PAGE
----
• Tail Strike (6)
  • Loss of Control — In-flight (1)
  • Ground Damage (3)
  • Off-Airport Landing/Ditching (1)
  • In-flight Damage (3)
  • Mid-Air Collision (0)
  • Runway Damage (2)
  • Fuel Exhaustion (0)
  • Other End State (2)
  • Controlled Flight into Terrain (0)

Regional Overview

When considering accidents per region:

  • Africa (AFI) had the highest accident rate with 8.70 accidents per million sectors in 2022. This was up from 5.66 per million sectors in 2021, and was also above the 5-year average of 5.68 accidents per million sectors; followed by Latin America & the Caribbean (LATAM/CAR) with 4.07 accidents per million sectors.
  • The LATAM/CAR accident rate of 4.07 rose from 1.06 accidents per million sectors in 2021, and was also above the 5-year average of 2.24 accidents per million sectors.
  • The industry witnessed a 50% reduction in the number of accidents involving Commonwealth of Independent States (CIS) operators, from 4 accidents in 2021 to 2 in 2022, neither of which involved fatalities. The region experienced 3 fatal accidents in 2021. The fatality risk improved to 0.00 from 2.29 in 2021.
  • Operators in three regions: LATAM/CAR, AFI, and North Asia (NASIA) suffered fatal accidents in 2022, one of which involved jet aircraft (NASIA) and 4 of which involved turboprops.
  • The jet fatality risk for NASIA operators went from 0.00 in 2021, to 0.23 in 2022. The turboprop fatality risk for LATAM/CAR went up from 0.00 in 2021, to 0.17 in 2022. AFI operators saw an improvement in the turboprop fatality risk from 7.15 in 2021, to 5.74 in 2022.
  • 77% of the commercial air transport accidents in 2022 involved passenger flights.
  • IATA membership and IOSA accreditation vs. non-IATA members and Non-IOSA Carriers continued a strong correlation with improved safety performance. The accident rate for IOSA-registered carriers in 2022 was lower than the rate for non- IOSA carriers. (0.70 vs 2.82).
  • The jet hull loss rate per million sectors in 2022 was 0.17 vs 0.13 in 2021. Middle East and North African (MENA) operators have not reported a jet hull loss accident since 2015.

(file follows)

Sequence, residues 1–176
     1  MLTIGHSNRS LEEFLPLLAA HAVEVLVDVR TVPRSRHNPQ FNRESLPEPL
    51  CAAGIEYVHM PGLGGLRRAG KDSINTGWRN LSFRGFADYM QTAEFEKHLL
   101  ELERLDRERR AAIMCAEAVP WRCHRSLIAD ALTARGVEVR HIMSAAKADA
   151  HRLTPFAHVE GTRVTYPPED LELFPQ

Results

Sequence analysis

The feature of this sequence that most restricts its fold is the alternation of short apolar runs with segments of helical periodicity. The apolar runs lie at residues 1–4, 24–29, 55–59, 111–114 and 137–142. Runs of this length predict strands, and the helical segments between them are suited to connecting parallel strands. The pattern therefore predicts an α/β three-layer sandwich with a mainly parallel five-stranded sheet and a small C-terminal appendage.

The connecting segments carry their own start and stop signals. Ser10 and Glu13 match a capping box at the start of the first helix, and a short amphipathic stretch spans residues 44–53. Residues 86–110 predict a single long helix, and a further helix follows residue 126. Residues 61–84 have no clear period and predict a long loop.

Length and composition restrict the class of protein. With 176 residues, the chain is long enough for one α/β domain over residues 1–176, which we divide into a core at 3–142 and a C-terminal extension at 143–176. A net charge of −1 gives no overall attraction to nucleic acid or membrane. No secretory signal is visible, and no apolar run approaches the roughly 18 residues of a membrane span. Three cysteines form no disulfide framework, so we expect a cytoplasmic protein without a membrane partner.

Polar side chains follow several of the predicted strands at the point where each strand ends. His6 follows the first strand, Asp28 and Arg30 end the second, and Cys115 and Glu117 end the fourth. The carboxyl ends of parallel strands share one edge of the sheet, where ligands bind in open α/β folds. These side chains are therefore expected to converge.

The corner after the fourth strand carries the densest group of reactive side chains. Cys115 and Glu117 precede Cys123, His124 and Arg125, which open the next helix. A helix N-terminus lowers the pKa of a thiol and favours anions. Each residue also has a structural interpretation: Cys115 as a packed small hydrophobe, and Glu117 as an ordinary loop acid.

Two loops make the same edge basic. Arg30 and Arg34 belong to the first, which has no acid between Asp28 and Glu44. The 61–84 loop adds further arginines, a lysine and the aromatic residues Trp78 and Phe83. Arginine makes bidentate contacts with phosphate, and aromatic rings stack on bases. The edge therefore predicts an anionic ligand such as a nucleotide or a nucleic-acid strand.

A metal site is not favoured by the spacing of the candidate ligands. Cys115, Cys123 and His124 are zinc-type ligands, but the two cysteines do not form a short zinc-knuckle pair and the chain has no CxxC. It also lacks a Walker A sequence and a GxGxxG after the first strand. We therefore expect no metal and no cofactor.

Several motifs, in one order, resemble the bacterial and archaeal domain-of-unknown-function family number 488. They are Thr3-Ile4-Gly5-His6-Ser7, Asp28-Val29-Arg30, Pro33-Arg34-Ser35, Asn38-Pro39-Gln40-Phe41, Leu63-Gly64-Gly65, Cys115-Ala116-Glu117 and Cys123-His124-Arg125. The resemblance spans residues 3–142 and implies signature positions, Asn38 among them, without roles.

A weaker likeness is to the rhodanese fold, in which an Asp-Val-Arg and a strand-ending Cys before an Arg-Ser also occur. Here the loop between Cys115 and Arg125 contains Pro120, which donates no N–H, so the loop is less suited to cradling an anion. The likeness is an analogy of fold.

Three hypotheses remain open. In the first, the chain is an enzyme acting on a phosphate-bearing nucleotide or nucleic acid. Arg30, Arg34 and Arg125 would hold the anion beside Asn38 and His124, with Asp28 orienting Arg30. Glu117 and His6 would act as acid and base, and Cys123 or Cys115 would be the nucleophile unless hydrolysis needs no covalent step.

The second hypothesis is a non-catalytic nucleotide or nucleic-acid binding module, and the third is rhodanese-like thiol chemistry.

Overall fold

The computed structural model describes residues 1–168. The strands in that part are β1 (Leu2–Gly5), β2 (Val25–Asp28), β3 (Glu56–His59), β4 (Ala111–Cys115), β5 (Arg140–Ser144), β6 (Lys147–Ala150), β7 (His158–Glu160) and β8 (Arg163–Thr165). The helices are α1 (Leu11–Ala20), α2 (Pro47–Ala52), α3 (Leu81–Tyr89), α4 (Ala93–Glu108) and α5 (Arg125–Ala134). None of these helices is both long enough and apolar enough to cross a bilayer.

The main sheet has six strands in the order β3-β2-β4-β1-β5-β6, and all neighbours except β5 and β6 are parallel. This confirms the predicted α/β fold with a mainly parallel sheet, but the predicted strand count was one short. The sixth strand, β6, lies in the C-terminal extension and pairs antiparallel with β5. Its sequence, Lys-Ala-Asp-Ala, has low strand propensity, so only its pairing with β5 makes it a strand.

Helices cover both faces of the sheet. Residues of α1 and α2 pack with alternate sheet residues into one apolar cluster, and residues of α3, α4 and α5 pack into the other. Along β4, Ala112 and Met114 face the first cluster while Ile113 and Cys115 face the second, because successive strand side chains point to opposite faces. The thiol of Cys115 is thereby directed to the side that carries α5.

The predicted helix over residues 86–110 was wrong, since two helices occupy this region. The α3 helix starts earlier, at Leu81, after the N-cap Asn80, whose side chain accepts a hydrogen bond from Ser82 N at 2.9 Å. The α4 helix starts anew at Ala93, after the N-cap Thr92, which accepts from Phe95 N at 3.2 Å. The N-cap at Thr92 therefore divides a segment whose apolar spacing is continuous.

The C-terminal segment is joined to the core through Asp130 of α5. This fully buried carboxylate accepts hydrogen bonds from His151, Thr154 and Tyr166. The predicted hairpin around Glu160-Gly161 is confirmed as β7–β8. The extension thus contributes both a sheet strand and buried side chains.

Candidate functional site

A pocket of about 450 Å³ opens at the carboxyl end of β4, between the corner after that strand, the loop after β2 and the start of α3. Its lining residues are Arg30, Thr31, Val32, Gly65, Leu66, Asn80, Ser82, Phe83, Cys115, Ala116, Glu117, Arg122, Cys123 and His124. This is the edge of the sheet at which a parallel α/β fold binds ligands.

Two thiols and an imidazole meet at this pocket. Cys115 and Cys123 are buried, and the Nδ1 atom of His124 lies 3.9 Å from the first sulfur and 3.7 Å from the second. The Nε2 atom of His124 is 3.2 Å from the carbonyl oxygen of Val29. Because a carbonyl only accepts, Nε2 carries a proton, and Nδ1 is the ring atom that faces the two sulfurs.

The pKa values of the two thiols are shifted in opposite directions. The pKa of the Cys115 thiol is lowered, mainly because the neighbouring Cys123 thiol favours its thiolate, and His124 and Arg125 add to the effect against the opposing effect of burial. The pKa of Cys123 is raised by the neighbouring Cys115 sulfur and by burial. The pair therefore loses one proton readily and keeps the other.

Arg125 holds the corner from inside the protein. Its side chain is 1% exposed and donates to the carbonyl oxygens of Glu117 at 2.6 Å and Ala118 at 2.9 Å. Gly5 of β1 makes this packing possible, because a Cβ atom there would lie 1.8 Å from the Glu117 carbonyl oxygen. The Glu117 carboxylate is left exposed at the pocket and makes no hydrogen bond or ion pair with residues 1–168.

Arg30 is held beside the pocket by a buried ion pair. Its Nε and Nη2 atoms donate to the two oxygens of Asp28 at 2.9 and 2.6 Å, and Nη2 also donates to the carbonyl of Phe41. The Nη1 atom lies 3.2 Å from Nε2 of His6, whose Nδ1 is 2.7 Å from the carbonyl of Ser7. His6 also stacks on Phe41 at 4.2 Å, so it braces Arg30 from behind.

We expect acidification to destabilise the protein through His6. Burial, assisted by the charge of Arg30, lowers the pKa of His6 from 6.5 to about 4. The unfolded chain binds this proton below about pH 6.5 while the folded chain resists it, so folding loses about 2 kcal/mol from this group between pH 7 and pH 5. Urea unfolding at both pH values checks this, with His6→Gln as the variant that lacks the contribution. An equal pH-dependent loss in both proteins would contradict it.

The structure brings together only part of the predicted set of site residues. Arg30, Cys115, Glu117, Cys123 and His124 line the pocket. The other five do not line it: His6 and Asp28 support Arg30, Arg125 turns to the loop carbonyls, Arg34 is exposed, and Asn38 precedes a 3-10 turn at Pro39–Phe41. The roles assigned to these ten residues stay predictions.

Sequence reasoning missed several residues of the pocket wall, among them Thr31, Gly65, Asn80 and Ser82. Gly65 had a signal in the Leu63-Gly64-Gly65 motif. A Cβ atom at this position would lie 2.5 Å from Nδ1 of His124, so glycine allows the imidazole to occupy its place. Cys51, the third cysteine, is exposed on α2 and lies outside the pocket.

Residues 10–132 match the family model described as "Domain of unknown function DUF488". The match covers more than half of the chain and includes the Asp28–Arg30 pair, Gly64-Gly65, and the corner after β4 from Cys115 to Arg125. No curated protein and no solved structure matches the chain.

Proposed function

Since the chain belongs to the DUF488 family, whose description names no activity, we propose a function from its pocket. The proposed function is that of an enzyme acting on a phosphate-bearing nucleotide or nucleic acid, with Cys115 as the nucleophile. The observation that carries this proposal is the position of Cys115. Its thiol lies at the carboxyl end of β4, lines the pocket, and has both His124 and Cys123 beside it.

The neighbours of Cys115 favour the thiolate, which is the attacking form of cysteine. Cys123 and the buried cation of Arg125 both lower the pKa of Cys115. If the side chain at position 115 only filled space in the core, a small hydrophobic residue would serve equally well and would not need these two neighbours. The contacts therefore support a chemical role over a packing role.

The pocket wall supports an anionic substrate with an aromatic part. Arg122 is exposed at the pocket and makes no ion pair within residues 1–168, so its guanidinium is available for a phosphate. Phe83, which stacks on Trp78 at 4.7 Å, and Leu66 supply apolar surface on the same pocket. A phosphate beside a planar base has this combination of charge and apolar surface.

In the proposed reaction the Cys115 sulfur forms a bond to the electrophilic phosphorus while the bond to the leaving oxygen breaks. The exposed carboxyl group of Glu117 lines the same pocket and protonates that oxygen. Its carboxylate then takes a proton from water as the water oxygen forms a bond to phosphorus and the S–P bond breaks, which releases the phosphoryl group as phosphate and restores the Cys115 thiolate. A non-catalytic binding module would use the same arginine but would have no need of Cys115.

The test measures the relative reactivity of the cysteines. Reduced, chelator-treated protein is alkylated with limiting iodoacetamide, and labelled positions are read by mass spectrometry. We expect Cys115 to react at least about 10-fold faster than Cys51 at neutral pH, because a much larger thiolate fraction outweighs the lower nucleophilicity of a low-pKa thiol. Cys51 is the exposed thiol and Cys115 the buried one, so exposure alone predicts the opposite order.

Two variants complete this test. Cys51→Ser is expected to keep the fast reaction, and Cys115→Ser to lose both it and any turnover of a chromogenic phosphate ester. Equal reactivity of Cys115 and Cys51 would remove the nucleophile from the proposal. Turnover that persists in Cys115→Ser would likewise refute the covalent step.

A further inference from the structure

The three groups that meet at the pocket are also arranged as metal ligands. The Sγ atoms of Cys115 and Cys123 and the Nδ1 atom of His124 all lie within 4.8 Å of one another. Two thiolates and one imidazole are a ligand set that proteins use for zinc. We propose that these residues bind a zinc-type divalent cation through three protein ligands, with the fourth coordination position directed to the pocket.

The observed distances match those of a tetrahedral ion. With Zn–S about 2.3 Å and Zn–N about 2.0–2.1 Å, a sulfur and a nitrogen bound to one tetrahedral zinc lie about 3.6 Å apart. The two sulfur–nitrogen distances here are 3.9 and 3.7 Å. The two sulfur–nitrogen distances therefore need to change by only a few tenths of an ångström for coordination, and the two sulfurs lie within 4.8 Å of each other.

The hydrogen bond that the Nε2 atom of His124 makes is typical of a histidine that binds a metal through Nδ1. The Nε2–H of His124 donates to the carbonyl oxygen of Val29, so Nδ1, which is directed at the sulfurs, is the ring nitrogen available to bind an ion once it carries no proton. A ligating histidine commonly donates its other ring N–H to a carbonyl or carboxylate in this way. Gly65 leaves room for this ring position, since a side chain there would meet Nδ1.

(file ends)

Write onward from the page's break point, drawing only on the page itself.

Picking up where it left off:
• The turboprop hull loss rate per million sectors in 2022 was 1.47 vs. 1.77 in 2021. European (EUR) and NASIA operators reported zero turboprop hull loss accidents since 2014 and 2015, respectively.
  • The turboprop hull loss accident rate per million sectors for CIS in 2022 was zero vs. 42.53 in 2021.

Contributing Factors

When considering Threat and Errors Management, the most common factors cited in 2022 accidents were:

  • Adverse weather condition was a contributing factor in 31% of these accidents. The weather condition most often cited as a contributing factor (18% of the accidents) was wind/wind shear/gusty wind and thunderstorm.
  • Aircraft malfunction was cited in 21% of the accidents.
  • Failure in the landing gear/tire was cited in 15% of the accidents.
  • Non-Compliance to Standard Operating Procedures (SOPs) was a contributing factor in 26% of accidents, followed by manual handling and flight control errors in 21% of the accidents
  • Abrupt Aircraft Control and Vertical, Lateral or Speed Deviations were contributing factors in 15% of the accidents, followed by Unstable Approaches and long landing in 13% of the accidents.
  • Lack of or inadequate management decisions, including regulatory decisions, were a contributing factor in 10% of the accidents and deficiencies in maintenance operations was also cited in 10% of the accidents.
  • Overall crew performance and lack of monitoring and crossing checking, were contributing factors in 13% of the accidents. In flight Decision making was a contributing factor in 11% of the accidents.